Now… where do we start the petition to have Snyder and Murphy do a Meeks: Magnificent Bastard Super-Pirate prequel series?

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30 Character Showcase #25: Lee Archer

This month marks the arrival of the 5th annual 30 Characters Challenge, the excellent event run by ComixTribe publisher Tyler James, where participants have to create a new comic character for every day of the whole month of November.  I participated in the first year, successfully completing the challenge with 30 badly-drawn characters of my own, but haven’t done it again since.  I won’t be participating this year either, but thought it might be fun to spend each day writing up a little showcase to celebrate a new comic character who showed up in comic pages for the first time this year.  Comics are one of the most highly inventive mediums around, and this has been a particularly strong year for pumping out exciting new stories packed with compelling new characters.  Let’s take a look at some of my favourites.

25. LEE ARCHER

TheWake1Created by Scott Snyder and Sean Gordon Murphy

Okay, by necessity this spotlight is going to require some spoilery discussion of the first 5 issues of The Wake, the excellent Vertigo series from Scott Snyder and Sean Murphy.  If you haven’t read the story and don’t want to delve into any of the plot twists, best step out of this post now.

Still here?

Okay, in the grand scheme of the narrative of The Wake, as it is laid out by the end of issue #5, Dr. Lee Archer is a character who was always destined to be doomed to a watery grave.  But for the first half of the series, at least, she is our heroine, the chief protagonist who stands as the emotional core of the story.  Right from the first chapter, she feels fully-realised: we don’t go into her history in detail, but we get just enough to hint at the trials in life that have shaped her.  The Wake woud not have the masterful tension it does if it wasn’t for the fact that we invest so much emotionally in the fate of these characters, Lee in particular.  We are rooting for her to overcome the increasingly insurmountable odds and be reunited with her son, and are devastated when even after everything she tries, that ends up not happening.  And that final video-link conversation between Lee and her son is just heartbreaking.  Her poignant final words just about brought a lump to my throat.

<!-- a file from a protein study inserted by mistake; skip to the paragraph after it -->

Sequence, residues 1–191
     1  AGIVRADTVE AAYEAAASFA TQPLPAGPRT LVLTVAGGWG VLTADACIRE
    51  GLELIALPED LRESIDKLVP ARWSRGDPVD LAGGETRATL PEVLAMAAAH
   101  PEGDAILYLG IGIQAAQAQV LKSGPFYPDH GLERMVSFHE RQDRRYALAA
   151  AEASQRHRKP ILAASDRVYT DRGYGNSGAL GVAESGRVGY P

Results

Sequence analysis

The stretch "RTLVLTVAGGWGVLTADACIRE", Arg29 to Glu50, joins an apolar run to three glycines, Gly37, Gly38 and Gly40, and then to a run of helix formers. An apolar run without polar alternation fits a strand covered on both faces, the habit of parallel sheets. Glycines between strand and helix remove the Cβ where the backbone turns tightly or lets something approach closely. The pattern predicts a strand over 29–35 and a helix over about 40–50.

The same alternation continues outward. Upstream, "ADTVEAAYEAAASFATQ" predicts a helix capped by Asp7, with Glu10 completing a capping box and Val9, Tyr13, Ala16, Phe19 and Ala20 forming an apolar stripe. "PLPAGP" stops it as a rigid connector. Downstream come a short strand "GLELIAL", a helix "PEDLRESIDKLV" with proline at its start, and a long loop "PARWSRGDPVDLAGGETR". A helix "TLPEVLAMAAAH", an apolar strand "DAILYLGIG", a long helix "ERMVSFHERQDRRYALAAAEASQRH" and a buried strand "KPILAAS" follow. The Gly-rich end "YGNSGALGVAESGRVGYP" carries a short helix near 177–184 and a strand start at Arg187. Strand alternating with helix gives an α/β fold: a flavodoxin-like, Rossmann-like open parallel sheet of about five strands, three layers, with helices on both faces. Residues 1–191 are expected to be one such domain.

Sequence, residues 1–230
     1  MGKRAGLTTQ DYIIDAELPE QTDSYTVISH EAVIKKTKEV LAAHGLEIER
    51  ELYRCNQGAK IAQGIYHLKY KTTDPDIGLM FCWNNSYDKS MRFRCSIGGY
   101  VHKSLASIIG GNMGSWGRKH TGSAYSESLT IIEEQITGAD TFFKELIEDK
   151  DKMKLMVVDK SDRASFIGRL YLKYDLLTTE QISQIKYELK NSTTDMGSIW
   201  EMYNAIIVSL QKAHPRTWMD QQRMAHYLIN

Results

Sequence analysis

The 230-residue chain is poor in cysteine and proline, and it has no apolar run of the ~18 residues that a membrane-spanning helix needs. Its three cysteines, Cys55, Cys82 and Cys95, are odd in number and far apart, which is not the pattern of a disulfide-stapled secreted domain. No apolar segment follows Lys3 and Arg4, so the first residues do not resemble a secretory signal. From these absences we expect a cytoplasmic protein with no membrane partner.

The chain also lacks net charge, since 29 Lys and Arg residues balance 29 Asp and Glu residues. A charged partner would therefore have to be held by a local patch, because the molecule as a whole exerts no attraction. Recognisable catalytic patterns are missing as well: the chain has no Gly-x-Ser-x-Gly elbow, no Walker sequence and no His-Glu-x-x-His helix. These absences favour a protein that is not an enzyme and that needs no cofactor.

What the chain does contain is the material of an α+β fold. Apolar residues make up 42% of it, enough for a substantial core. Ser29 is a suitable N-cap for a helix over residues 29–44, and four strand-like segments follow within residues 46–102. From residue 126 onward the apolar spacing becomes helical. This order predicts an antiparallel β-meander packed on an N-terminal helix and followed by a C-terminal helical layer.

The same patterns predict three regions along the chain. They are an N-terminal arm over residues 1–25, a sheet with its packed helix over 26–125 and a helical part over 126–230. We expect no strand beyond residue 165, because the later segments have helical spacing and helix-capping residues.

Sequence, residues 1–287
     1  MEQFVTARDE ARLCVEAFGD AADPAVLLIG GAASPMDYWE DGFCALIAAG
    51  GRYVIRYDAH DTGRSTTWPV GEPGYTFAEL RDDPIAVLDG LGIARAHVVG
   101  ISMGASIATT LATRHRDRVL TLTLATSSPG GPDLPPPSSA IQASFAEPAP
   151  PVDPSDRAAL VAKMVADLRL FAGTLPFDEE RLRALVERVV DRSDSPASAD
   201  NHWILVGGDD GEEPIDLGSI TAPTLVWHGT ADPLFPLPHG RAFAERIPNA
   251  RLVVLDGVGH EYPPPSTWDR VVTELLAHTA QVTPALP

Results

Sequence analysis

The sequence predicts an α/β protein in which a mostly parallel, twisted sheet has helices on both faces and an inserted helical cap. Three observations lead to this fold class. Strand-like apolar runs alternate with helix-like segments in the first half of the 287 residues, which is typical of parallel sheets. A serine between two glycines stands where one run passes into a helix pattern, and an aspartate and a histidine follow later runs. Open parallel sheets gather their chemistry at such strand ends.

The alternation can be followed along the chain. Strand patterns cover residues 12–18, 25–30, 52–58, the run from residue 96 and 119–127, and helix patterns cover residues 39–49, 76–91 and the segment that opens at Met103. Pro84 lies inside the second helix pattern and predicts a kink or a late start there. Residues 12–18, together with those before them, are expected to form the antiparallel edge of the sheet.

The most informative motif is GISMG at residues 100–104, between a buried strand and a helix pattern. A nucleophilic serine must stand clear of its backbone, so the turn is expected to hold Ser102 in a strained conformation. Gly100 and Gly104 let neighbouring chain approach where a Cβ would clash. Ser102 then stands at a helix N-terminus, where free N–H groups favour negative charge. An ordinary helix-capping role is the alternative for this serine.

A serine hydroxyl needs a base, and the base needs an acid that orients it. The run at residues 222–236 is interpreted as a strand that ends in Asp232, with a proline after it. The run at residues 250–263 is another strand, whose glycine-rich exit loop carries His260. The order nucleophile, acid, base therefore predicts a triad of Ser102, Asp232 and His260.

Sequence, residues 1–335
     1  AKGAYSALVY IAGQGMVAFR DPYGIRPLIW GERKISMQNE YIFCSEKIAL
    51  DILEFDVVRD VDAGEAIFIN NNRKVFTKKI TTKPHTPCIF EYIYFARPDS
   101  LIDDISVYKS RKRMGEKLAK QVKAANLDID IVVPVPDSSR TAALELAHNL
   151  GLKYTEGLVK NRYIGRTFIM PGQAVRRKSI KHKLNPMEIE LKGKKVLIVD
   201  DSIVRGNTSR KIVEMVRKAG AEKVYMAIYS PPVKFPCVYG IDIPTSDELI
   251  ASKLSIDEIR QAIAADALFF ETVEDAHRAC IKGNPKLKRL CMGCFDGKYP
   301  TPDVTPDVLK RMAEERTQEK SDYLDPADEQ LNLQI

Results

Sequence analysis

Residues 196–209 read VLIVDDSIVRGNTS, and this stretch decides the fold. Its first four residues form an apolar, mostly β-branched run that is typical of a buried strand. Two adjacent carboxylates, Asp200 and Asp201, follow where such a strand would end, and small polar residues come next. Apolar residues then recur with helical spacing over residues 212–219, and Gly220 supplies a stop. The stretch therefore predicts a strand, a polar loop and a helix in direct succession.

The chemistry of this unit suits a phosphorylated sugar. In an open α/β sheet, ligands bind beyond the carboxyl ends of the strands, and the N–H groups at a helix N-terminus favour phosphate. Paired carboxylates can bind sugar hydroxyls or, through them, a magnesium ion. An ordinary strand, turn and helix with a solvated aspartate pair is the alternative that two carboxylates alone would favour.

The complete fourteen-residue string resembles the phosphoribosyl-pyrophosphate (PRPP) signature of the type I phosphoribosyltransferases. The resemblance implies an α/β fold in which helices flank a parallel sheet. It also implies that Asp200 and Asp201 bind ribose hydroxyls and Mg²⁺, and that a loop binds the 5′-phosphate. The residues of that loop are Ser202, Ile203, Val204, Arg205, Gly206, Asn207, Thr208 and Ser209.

I’m interested to  see where The Wake takes its bold new direction moving forward.  But Snyder and Murphy will certainly have their work cut out replacing Lee Archer in the protagonist role.

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30 Character Showcase #24: Fox

This month marks the arrival of the 5th annual 30 Characters Challenge, the excellent event run by ComixTribe publisher Tyler James, where participants have to create a new comic character for every day of the whole month of November.  I participated in the first year, successfully completing the challenge with 30 badly-drawn characters of my own, but haven’t done it again since.  I won’t be participating this year either, but thought it might be fun to spend each day writing up a little showcase to celebrate a new comic character who showed up in comic pages for the first time this year.  Comics are one of the most highly inventive mediums around, and this has been a particularly strong year for pumping out exciting new stories packed with compelling new characters.  Let’s take a look at some of my favourites.

24. FOX

PrettyDeadly6Created by Kelly Sue DeConnick and Emma Rios

We end our weekend-long focus on Pretty Deadly with a look at one of the more enigmatic figures to appear in the first issue.  Fox is Sissy’s guardian, strikingly mismatched with his companion.  She’s a little girl, he’s a towering old man.  She sings and talks lyrically, he  speaks little.  He is blind, yet seems gifted with second sight… and perfect aim with his guns.  Based on some of the cryptic statements he makes to other characters, we can conclude that he has a fascinating backstory, and that whatever sights he saw before being struck blind were quite horrifying.

He’s an intriguing figure: protective, but too distant to really be called paternal.  He reminds me of a bit of a ronin figure, or like the hero of Lone Wolf and Cub or, of course, Zatoichi.  He’s a man of mystery, and I’m eagerly anticipating learning more!

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30 Character Showcase #23: Sissy